The Thin Red Line

The Thin Red Line

There are few colours attached with so much emotion as red. Red is love and passion. If you really believe in something or someone, scarlet red is the only colour that can stand-alone communicate those feelings. I suppose yellow (Empire Yellow) would be the opposite - the colour of cowardice, the chicken shade of cold feet.


Red is the colour of blood and nothing is dearer to us than blood. It is, literary, the colour that keeps us alive. Professor Roy Behrens of University of Northern Iowa, and founder of the Camoupedia website, agrees: “Red is intimidating. It is hot, partly because of conspicuousness. But also because it alerts us to blood, fire, passion, stop signs, and the blush of rage.”

That rage, and most other aforementioned traits, explains why red is also closely associated wit the military, believe it or not. It appears to be more of Romeo & Julia colour at first glance, but its raw and emotional energy is also why it’s equally suited for the battlefield, as well as the silver screen. And though it might seem unlikely when you picture most modern-day battle dresses, there was a time when red was the go-to colour for armies around the world.


The British army, for example, wore crimson Rio Red tailcoat uniforms in battle all the way to the end of the Boer War, which finished in 1902. The red colour almost worked as a team colour: ‘You’re red and we’re blue, now let’s fight’! It was a way to distinguish who was who on the battlefield. Everyone fought so close up that camouflage wasn’t needed. Behrens again: “Crimson uniforms advance – they warn the enemy to retreat. They are the brand of manliness – they are testosterone on parade. The opposite strategy is to hide, to conceal ourselves in ghillie suits. But to paraphrase Arnold Schwarzenegger, it is ‘girlie’ to dress in a ghillie. A genuine warrior stands his ground.”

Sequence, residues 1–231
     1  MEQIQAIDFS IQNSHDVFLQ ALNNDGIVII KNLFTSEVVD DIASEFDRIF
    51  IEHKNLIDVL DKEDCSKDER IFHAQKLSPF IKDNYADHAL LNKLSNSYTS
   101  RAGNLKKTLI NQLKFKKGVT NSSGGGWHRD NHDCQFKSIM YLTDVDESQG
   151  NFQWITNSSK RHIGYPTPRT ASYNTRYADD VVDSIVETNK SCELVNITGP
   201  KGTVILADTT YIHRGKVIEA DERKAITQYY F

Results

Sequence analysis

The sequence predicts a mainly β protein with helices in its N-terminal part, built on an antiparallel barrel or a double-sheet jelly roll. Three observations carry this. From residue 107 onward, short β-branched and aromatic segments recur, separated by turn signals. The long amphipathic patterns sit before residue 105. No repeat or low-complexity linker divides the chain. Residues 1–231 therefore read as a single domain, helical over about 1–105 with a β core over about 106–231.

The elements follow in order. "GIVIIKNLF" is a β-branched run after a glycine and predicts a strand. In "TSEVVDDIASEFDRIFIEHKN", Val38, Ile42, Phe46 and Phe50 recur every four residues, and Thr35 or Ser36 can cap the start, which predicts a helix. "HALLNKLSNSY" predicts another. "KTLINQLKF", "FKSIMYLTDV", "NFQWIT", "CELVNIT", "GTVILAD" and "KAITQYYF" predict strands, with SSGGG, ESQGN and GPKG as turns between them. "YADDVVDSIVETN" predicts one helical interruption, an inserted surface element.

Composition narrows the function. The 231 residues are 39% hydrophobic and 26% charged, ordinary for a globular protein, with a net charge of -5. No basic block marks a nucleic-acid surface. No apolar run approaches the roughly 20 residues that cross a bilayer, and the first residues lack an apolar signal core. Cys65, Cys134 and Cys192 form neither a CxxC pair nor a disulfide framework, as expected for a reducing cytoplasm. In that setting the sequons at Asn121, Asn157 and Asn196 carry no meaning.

As we entered the 20thcentury, modern warfare – with long distance artillery and snipers – started to dominate battles and all of a sudden bright colours equalled bull’s eye uniforms. Khaki colours and then, later on, camouflage became the norm for how a war was fought aesthetically. These days the camouflage is political in the sense that you can predict where the next war theatre will be located by looking at what type of camouflage is made. For example, for the last 20/30 years the US Army have focused on desert camo and urban pixelated camouflage … the days of woodland camo are long gone!

Back to red. There’s a theory that, initially, armies used the Ruby Red colour as a way to attract potential soldiers. Back then, red was a colour worn exclusively by the upper classes, the establishment. For the army, the red coat, white trousers and black boots – plus a decent wage – was an excellent recruitment tool among the poor and unemployed. Today, red still plays a big part of army life, as these images show. It’s no longer worn on the battlefield but often part of formal attire reserved for special occasions. Red still means the same thing, it reminds us of passion, loyalty, love and high spirits – and whether you’re in uniform or a civilian, that’s what life is all about.

Text by: David Hellqvist



Selected Pantone Colours

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